To Grow in Wisdom and Understanding. . .

Reflecting on the encounter I had last week led me to a deeper understanding of the situation I find myself in today.  I am grateful for the painful experience of bumping up against another person’s boundary.  What I am learning about myself as I turn my gaze inward has less to do with that encounter, more to do with the decisions I need to make for myself as the world emerges from a long, dark year.

O Comforter, my Strength!

Let me make amends and start anew;

Let me grow in wisdom and understanding.

Psalm 59, Psalms for Praying: An Invitation to Wholeness, Nan C. Merrill

Starting with the encounter last Saturday, a number of events happened this week that made me realize that things had changed in my life, and I need to change with them.  This is not an unfamiliar feeling for me.  It is kind of like going on a road trip without a map, but knowing you only have to watch the roads signs for directions.  I am not always sure when the road signs will show up, but I can trust that when I see them, I should follow them.  I know I now have to make some decisions, but what will be the outcome is not yet quite clear.

Wisdom and Understanding, Oil on Canvas, 16″x12″

I envision this emotional space as a dark and lush landscape.  The grounding is rich soil with signs of life, filled with lots of greenery, with tall mountains against the dark sky. The sun is already rising and bringing forth bright rays of light. With wisdom and understanding comes a great sense of hope and strong faith in what lies ahead.

4 thoughts on “To Grow in Wisdom and Understanding. . .

  1. Again, I feel for your situation and know the right course for you will become clear. I wish ‘the world’ demonstrated more of the pause and self-reflection that you share in your wisdom and understanding journey and with this recent post, I felt the need to respond with my thoughts.
    It seems in life the hardest nut to crack is our own, and while self-reflection is always necessary for understanding and growth, sometimes getting another perspective helps.
    With only having the briefest insight from your shared situation, I want to offer the ‘5 Why analysis” which is something I learned when working as the Continuous Improvement/Quality Manager at the manufacturing plant where I worked. You can go on line for examples, but basically you define the problem you’re trying to solve (which often is difficult to get to) and then ask why after each answer until you get to the root cause of the problem. Now at each level you could find a lot of answers to the whys and from there go down each answer. In your situation you could start with, “Why did I ask xxx that question wish ‘the world’ demonstrated more of the pause and self-reflection that you share in your wisdom and understanding journey. ?” or even “Why did I think to ask that question? or for after, “Why did I have my reaction?” It sounds like you’re doing this, but my point with this is to ask the Whys.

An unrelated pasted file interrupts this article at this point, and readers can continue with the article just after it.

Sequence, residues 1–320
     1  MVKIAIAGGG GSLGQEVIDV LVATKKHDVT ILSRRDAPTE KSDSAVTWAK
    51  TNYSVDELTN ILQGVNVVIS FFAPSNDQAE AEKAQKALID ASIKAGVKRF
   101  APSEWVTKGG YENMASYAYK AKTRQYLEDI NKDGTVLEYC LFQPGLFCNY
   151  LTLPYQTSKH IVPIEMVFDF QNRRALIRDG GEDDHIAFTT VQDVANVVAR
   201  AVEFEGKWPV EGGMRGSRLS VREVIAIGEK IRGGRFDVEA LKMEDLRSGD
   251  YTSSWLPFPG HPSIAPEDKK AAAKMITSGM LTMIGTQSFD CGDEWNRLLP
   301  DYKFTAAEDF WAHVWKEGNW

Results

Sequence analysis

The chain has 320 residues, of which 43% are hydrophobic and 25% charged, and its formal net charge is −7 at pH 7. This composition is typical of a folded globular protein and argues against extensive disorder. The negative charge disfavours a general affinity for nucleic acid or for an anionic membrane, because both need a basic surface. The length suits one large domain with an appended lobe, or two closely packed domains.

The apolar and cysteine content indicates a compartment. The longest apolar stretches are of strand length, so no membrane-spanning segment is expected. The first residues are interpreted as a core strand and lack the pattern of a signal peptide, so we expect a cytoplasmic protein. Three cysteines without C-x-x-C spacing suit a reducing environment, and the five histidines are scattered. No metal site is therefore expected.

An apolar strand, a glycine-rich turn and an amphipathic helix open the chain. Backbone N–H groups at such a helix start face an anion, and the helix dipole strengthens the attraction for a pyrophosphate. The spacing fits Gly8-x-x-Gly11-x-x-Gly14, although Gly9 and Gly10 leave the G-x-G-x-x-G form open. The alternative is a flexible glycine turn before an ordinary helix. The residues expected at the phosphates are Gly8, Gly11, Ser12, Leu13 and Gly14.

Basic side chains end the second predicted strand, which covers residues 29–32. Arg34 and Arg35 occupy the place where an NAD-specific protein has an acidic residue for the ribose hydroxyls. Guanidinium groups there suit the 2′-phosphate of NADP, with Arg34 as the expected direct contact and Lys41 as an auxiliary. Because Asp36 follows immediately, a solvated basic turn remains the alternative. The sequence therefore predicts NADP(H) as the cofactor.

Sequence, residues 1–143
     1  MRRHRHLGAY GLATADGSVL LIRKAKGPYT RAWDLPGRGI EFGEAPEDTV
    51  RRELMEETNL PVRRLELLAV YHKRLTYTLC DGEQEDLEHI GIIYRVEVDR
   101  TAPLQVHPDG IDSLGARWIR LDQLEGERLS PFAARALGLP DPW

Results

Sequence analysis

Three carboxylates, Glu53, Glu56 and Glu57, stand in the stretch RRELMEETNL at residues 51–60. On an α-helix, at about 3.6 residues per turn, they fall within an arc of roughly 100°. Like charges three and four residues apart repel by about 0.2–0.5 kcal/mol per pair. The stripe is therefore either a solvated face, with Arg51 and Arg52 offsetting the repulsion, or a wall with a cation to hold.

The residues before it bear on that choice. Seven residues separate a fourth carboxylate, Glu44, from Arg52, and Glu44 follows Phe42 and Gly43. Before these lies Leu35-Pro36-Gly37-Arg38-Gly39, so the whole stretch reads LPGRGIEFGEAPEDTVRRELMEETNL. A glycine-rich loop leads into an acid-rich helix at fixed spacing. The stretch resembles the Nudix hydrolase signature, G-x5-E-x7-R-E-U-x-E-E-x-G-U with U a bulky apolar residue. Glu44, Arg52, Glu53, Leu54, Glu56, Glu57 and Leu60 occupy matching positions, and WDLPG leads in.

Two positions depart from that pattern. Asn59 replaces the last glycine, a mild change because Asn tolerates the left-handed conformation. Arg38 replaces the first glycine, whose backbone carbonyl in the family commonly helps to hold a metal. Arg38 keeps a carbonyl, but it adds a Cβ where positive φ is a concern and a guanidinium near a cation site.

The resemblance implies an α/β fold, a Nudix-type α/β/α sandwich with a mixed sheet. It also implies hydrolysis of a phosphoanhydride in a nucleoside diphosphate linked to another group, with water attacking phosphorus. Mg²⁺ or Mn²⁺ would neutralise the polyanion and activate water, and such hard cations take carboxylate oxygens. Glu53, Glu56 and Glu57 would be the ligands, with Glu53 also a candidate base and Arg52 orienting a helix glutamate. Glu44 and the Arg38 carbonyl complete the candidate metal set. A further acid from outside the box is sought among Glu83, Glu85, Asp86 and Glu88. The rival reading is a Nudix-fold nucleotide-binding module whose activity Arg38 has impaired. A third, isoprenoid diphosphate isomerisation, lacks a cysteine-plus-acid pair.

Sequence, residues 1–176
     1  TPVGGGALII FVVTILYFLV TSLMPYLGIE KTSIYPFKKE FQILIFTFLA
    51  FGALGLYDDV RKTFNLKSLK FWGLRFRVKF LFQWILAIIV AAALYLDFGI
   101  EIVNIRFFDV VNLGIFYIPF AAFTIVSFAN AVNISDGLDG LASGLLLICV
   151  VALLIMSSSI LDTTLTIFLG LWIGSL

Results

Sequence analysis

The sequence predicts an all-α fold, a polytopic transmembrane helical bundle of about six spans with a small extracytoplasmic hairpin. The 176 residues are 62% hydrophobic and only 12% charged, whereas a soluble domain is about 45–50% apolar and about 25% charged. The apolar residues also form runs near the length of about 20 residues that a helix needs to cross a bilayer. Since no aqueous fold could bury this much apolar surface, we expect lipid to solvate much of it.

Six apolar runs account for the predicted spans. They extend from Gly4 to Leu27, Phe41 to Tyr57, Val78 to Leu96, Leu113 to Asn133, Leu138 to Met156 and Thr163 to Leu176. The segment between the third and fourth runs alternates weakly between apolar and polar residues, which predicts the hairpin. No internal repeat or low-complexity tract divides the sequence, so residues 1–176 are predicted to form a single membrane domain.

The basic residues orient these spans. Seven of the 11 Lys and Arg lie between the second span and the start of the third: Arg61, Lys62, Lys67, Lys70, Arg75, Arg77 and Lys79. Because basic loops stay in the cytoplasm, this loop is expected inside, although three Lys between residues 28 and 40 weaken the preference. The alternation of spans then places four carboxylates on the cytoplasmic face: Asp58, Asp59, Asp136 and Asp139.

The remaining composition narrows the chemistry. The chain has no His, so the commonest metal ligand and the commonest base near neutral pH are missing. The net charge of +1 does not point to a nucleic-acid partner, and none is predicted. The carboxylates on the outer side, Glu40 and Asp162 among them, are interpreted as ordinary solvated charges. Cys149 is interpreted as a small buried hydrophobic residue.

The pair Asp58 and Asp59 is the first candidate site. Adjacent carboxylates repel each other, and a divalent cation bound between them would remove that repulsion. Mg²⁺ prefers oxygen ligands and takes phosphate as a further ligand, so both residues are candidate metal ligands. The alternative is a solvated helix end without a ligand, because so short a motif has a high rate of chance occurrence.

Also, the trip with no road map analogy was great because while we have plans or goals in life, often (without seeming cliche) it’s the journey off the road that is the most exciting. Perfect example, yesterday my husband and I went out to Joshua Tree Natl Park for the day for fun, and on the way back we ran into really bad traffic. In the middle of a traffic jam there was an offramp that my husband suddenly took that placed us onto this ‘road’ called Jack Rabbit Trail. We went from the freeway to a road marginally paved to start, that turned into rubble road deteriorating down to almost just a couple tire paths with the ditches all over from water run off, driving along the edge of a hilltop. I kept saying, “What if another car comes, we’ll have nowhere to go!” At first, I quite honestly was scared, worried we were going to roll off the edge, gripping the Jesus bar, telling my husband to slow down. Mike kept laughing and saying, “Jack lives here”-go figure, meaning rabbits I guess. It was only AFTER I took my eyes up off the road and looked around that I realized we had stumbled into this beautiful natural territory of green lush rolling hills all around, no homes in sight! I said to Mike, “Where has this been all of our lives, and realized that if we didn’t take the chance and get off the freeway at that time and place, we never would’ve encountered it. I will remember that detour forever!


    1. Great thoughts! Thank you for sharing the 5 Whys and your adventurous detour. Yes the 5 whys would be helpful in a situation like this, I have used them before or a similar process. It is usually the unexpected changes or detours we take by surprise that lead us to the most beautiful places in our lives.


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